Director Apichatpong Weerasethakul Uncle Boonmee Who Can Recall His Past Lives was a wonderful mix of fantastical realism with a Ken Loach/Wong Kar-Wai style of visuals. Cemetery of Splendour promises to be another delightful mix of real world issues heightened by a mix of the spiritual world.

 

Dheepan

“To escape the civil war in Sri Lanka, a former soldier, a young woman and a little girl pose as a family. They end up settling in a housing project outside Paris. They barely know one another, but try to build a life together.”

Why we’re excited:

A short and sweet synopsis but Dheepan has been winning accolades the world over, including at Cannes. Not that we’re drawn too much by plaudits but no smoke without fire? Plus the film’s trailer promises a heartbreaking quagmire of a drama.

 

Frame By Frame

“When the Taliban ruled Afghanistan, taking a photo was a crime. After the regime fell from power in 2001, a fledgling free press emerged and a photography revolution was born. Now, as foreign troops and media withdraw, Afghanistan is left to stand on its own, and so are its journalists. Set in a modern Afghanistan bursting with color and character, FRAME BY FRAME follows four Afghan photojournalists as they navigate an emerging and dangerous media landscape – reframing Afghanistan for the world, and for themselves. Through cinema vérité, intimate interviews, powerful photojournalism, and never-before-seen archival footage shot in secret during the Taliban regime, the film connects audiences with four humans in the pursuit of the truth.”

Why we’re excited:

It perhaps seems inconceivable to us to live in a world were a mere photograph can mean imprisonment and free press is something to be cherished rather than taken for granted. Alexandria Bombach’s film promises to showcase a country in it’s media infancy come to grips with it’s new found responsibility and right.

 

Gayby Baby

“At a time when the world is questioning the politics of same-sex families, GAYBY BABY takes us into the homes and personal dramas of four kids approaching puberty under the guidance of gay parents. In his all-female household, GUS strives to work out what it means to be a “man”; EBONY struggles to find her voice as a singer and a place where her gay family will be accepted; MATT questions how the God his lesbian mums worship can also damn them to hell; and GRAHAM’s desire to read and win the approval of his dads is complicated by a move to Fiji, where homosexuality is frowned upon. Told from the point of view of the kids, GAYBY BABY is a living, moving portrait of same-sex families that offers a refreshingly honest picture of what really counts in modern life.”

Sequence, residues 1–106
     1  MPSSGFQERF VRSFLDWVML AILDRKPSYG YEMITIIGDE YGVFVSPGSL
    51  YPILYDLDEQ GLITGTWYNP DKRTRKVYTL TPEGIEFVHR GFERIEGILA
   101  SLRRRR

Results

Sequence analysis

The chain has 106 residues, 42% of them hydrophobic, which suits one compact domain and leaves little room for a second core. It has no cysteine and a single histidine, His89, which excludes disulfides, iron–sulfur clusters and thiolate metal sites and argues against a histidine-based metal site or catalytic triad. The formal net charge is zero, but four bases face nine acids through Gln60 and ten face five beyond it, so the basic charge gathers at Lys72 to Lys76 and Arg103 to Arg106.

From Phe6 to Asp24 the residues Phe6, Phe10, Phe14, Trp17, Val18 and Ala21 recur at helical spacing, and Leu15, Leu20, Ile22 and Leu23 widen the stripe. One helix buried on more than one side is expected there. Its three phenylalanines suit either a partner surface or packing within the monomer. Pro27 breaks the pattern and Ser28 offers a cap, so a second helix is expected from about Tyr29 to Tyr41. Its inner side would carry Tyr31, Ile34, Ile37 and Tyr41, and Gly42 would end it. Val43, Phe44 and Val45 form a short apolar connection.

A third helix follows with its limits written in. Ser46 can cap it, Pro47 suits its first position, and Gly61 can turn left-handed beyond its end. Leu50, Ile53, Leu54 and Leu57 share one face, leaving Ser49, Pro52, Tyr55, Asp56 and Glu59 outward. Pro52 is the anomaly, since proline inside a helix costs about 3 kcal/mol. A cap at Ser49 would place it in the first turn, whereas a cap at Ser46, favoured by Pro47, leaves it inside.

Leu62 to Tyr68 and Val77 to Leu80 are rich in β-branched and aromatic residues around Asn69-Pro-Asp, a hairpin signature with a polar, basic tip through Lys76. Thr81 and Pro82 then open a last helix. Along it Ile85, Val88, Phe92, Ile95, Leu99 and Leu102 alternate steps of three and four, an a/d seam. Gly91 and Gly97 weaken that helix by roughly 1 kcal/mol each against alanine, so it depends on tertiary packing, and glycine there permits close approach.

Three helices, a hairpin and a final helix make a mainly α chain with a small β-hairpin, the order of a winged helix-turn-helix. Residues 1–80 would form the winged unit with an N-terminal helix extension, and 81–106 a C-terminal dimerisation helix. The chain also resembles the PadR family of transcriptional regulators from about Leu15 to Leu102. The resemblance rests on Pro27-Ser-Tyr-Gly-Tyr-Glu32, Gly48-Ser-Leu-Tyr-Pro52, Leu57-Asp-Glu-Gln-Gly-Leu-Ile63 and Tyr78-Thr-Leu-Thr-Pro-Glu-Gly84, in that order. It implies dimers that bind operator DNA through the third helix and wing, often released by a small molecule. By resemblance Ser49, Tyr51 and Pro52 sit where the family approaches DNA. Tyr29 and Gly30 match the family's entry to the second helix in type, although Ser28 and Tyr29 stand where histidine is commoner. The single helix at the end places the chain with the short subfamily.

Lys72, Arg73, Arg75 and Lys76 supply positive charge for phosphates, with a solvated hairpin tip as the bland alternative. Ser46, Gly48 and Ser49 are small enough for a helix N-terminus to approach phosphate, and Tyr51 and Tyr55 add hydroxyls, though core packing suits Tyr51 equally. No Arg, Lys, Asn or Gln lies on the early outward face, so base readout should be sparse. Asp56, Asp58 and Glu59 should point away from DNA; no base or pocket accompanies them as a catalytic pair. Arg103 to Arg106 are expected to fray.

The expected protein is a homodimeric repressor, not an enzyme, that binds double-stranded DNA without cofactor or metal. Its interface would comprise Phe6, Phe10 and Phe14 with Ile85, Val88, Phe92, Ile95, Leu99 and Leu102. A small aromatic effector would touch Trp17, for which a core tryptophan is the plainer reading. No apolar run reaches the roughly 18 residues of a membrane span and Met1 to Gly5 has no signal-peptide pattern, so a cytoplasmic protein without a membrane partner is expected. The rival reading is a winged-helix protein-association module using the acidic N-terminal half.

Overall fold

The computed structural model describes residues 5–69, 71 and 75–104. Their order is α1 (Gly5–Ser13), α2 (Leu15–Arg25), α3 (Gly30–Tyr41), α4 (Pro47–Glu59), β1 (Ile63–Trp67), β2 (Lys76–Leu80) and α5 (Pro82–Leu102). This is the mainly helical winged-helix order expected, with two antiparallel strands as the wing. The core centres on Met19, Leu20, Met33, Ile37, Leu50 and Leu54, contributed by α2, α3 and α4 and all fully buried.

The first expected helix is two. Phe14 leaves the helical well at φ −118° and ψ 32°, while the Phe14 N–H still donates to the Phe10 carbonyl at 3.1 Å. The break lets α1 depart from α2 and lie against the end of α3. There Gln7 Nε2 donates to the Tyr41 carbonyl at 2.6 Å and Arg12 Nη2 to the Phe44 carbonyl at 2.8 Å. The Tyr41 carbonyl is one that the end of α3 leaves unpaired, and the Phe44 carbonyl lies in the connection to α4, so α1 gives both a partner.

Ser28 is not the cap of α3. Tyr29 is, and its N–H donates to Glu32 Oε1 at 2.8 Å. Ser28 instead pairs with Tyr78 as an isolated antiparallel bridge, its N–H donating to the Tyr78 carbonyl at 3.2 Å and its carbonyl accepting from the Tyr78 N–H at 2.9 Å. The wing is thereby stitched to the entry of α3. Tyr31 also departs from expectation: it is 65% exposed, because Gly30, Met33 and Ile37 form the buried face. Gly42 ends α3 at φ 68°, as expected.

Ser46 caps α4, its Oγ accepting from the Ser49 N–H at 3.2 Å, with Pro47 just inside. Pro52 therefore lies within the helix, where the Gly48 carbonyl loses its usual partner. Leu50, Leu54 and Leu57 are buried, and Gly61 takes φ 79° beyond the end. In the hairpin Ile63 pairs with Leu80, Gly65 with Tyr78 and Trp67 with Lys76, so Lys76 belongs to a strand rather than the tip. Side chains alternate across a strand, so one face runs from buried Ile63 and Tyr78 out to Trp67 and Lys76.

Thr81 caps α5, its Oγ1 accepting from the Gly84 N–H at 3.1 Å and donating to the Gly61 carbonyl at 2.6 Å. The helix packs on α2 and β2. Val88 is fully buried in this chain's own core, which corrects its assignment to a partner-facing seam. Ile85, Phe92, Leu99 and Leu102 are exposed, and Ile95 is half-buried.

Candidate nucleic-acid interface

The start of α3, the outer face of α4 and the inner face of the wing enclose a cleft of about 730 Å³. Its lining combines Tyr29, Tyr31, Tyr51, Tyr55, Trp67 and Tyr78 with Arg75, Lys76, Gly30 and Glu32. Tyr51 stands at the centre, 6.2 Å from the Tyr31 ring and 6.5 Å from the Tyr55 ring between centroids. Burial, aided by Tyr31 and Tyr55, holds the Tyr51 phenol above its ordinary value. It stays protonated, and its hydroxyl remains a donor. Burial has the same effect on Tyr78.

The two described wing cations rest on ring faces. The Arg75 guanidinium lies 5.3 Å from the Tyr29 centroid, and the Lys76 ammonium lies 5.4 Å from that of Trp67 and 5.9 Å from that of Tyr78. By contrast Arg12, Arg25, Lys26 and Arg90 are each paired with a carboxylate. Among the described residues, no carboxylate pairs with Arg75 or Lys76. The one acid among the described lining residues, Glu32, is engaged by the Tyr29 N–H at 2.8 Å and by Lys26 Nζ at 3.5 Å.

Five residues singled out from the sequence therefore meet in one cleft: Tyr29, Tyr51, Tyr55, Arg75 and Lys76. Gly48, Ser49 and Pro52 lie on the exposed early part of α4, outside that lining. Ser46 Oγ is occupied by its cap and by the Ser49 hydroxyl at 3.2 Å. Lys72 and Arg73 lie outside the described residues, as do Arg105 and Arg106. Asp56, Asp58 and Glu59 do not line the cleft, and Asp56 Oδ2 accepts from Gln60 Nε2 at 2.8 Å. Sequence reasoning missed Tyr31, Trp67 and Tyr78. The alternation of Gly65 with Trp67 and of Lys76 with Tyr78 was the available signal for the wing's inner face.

Why we’re excited:

A documentary on one of the most hotly contested social issues of the day; whether same sex partners should raise children? Gayby Baby shows live from the perspective of children raised in same sex households without dwelling too much on the politics and showing live through the eyes of the children.

 

 

Live From New York

““Saturday Night Live” has been reflecting and influencing the American story for forty years. LIVE FROM NEW YORK! explores the show’s early years, an experiment that began with a young Lorne Michaels and his cast of unknowns, and follows its evolution into a comedy institution. Archival footage is interwoven with stolen moments and exclusive commentary from “SNL” legends, journalists, hosts, crew, and others influenced by the comedy giant. LIVE FROM NEW YORK! captures what has enabled “SNL” to continually refresh itself over nearly 800 episodes and keep America laughing for forty years.”

Why we’re excited:

Although when watching back on early SNL’s now the humour is, let’s say sparse, it remains a gigantic feat of long running comedy fuelled bravado. Live From New York will hopefully offer insights into the early mechanics of the comedy staple.

 

Love and Peace